Growth Stocks Are on the Firing Line in the Trade War

Investors in U.S. growth stocks have been richly rewarded in recent years, but their fortunes are set to turn if President Donald Trump can’t resolve his trade disputes. 

Bloomberg News reported on Wednesday that China and the U.S. had wrapped up three days of trade talks and “expressed optimism that progress had been made.” For Trump, that’s a clear departure from his usual tough talk on trade.

That shouldn’t be surprising. As I pointed out recently, the president fancies himself a champion of American business and gauges his success by the level of the stock market. The market’s steep drop in December signaledthat the country’s biggest companies, which dominate market barometers such as the Dow Jones Industrial Average and the S&P 500 Index, are under increasing stress. They generate much of their revenue overseas, so Trump’s trade disputes are an obvious concern.

If the president was hesitant to connect those dots, Kevin Hassett, chairman of the White House Council of Economic Advisers, was not. He told CNN last week that “There are a heck of a lot of U.S. companies that have sales in China that are going to be watching their earnings being downgraded next year until we get a deal with China.” That was a day after Apple Inc. cut its revenue outlook, blaming in part weaker demand in China.

But Trump’s trade policies don’t affect all companies equally. Growth companies, or those that are expected to grow faster than average, sell more of their products overseas than slower-growth value companies. That means they have more to gain from free trade and, of course, more to lose during a trade war.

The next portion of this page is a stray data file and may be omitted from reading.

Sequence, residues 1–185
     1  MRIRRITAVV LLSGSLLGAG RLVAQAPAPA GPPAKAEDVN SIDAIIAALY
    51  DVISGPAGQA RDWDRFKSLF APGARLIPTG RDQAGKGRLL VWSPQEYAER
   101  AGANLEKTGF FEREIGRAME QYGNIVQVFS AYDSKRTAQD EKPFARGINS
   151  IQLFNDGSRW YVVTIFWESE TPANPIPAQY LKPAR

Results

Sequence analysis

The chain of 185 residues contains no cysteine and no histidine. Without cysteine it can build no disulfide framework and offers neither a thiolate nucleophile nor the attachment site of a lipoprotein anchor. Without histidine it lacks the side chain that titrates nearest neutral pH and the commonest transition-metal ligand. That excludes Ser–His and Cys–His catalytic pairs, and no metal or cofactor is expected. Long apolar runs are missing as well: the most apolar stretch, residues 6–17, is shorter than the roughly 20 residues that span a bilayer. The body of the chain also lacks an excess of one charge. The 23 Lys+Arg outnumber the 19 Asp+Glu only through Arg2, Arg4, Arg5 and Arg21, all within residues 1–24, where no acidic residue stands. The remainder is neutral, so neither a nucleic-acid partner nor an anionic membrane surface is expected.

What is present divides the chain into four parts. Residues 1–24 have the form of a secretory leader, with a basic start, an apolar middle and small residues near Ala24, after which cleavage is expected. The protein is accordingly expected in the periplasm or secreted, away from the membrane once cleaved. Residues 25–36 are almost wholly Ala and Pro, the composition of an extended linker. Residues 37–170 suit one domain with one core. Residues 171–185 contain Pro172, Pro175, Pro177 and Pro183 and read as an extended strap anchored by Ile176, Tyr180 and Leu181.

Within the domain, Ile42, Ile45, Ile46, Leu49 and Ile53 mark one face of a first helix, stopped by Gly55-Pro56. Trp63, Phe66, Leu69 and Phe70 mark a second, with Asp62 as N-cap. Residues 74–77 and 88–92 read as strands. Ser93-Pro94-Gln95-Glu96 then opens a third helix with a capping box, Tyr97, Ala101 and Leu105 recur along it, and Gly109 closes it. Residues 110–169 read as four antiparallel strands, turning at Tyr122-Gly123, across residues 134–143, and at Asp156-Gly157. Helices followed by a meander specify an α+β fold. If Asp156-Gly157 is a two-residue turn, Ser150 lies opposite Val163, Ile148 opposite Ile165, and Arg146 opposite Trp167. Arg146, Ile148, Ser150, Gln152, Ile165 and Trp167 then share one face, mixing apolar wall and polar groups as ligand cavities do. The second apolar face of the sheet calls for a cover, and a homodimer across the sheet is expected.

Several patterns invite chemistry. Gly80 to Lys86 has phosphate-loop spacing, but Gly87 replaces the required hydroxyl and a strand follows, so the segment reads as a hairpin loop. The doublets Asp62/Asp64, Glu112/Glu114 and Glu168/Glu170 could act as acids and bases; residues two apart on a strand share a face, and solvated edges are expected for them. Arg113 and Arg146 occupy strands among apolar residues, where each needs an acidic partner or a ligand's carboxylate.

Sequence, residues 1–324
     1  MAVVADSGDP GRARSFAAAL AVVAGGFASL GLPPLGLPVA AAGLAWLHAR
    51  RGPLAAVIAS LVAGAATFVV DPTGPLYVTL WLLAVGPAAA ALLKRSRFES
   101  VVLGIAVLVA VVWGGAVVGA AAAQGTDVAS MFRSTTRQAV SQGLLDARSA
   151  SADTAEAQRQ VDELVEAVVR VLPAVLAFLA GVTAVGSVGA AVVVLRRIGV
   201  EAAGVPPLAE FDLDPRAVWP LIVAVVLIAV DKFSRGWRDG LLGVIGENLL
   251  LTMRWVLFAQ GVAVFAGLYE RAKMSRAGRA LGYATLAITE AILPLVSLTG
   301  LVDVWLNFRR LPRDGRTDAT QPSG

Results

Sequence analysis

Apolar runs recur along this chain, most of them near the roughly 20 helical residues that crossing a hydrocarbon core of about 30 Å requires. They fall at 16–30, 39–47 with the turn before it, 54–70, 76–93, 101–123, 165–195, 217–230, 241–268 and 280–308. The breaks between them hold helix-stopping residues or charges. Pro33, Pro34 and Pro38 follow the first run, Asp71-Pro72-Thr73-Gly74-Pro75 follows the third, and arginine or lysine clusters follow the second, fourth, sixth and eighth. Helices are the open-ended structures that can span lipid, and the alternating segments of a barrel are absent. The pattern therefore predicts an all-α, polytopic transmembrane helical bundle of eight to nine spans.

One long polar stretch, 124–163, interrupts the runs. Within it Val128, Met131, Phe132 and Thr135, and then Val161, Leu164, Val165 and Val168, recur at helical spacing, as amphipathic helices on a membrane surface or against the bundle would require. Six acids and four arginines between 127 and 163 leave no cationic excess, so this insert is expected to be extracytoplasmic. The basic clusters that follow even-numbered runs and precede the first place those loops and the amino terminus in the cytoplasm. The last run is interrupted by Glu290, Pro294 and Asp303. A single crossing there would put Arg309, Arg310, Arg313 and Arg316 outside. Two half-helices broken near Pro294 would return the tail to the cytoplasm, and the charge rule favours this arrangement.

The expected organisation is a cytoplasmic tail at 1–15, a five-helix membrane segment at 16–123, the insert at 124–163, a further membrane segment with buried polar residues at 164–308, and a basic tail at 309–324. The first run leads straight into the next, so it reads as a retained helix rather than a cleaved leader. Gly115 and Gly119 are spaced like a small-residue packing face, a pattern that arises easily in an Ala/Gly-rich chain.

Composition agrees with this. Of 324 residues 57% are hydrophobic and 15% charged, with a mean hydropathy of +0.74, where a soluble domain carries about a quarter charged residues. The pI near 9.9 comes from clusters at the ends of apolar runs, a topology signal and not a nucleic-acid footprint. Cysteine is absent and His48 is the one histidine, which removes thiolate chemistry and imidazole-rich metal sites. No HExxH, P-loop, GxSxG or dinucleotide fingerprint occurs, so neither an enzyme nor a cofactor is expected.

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China Takes an Edge in Stocks to a Trade War

The saber-rattling for a U.S.-China trade war is becoming louder, and many observers are speculating about which country will blink first. One important variable will be the resilience of each country’s stock market, given the potential for mayhem from a melting market. So it’s worth asking which one is more likely to stand its ground.

There are several considerations, most prominently quality, free float and valuation. Let’s see how they stack up for each country.

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Trade War Would Cause Trouble on Home Front for U.S. Investors

President Donald Trump’s looming trade war is no friend of the U.S. stock market, and that’s bad news for U.S. investors who like to keep their money at home.

Free trade is under siege. The White House imposed $50 billion in tariffs on Chinese imports on Friday. China responded in kind. President Trump is now threatening up to $400 billion in additional tariffs, and China is vowing to retaliate again. Its Ministry of Commerce called for “comprehensive quantitative and qualitative measures” if the U.S. imposes additional tariffs.

The intensifying trade dispute should worry investors who are reluctant to venture overseas, and there are many of them. According to one estimate, U.S. investors, on average, allocate just 15 percent of their stocks to foreign markets. That’s a huge home bias given that the U.S. accounts for roughly half of global stocks by market value and a quarter of the world’s economic output.

Proponents of home bias argue that U.S. stocks provide plenty of exposure to foreign markets because large U.S. companies sell their wares all over the world. The percentage of S&P 500 sales from foreign countries was 43.2 percent in 2016, according to S&P’s most recent global sales report. That percentage has been reliably between 43 percent and 48 percent since 2006.

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